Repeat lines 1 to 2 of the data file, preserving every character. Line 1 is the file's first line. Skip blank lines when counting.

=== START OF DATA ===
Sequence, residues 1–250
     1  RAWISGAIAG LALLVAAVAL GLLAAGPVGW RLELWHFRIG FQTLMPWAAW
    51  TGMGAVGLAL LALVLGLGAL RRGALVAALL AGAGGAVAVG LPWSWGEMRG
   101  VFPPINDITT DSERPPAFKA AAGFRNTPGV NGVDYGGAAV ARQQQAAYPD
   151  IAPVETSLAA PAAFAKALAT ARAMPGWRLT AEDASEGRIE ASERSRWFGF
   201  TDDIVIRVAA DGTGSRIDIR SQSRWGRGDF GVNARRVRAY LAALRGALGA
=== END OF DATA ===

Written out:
Sequence, residues 1–250
     1  RAWISGAIAG LALLVAAVAL GLLAAGPVGW RLELWHFRIG FQTLMPWAAW